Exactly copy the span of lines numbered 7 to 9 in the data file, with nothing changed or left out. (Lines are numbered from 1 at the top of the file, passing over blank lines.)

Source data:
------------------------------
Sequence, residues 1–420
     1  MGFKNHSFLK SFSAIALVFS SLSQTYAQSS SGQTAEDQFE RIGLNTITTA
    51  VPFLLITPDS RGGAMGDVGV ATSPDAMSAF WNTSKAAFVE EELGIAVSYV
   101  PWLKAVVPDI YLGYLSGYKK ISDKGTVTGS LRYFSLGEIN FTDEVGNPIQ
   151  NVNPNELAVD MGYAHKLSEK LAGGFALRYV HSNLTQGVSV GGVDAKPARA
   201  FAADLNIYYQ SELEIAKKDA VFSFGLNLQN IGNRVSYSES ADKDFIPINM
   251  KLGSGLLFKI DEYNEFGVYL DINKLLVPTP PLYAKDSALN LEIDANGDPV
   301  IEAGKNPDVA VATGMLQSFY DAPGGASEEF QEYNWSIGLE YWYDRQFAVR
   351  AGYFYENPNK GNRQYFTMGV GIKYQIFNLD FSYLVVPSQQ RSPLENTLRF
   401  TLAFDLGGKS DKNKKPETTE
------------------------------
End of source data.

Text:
   251  KLGSGLLFKI DEYNEFGVYL DINKLLVPTP PLYAKDSALN LEIDANGDPV
   301  IEAGKNPDVA VATGMLQSFY DAPGGASEEF QEYNWSIGLE YWYDRQFAVR
   351  AGYFYENPNK GNRQYFTMGV GIKYQIFNLD FSYLVVPSQQ RSPLENTLRF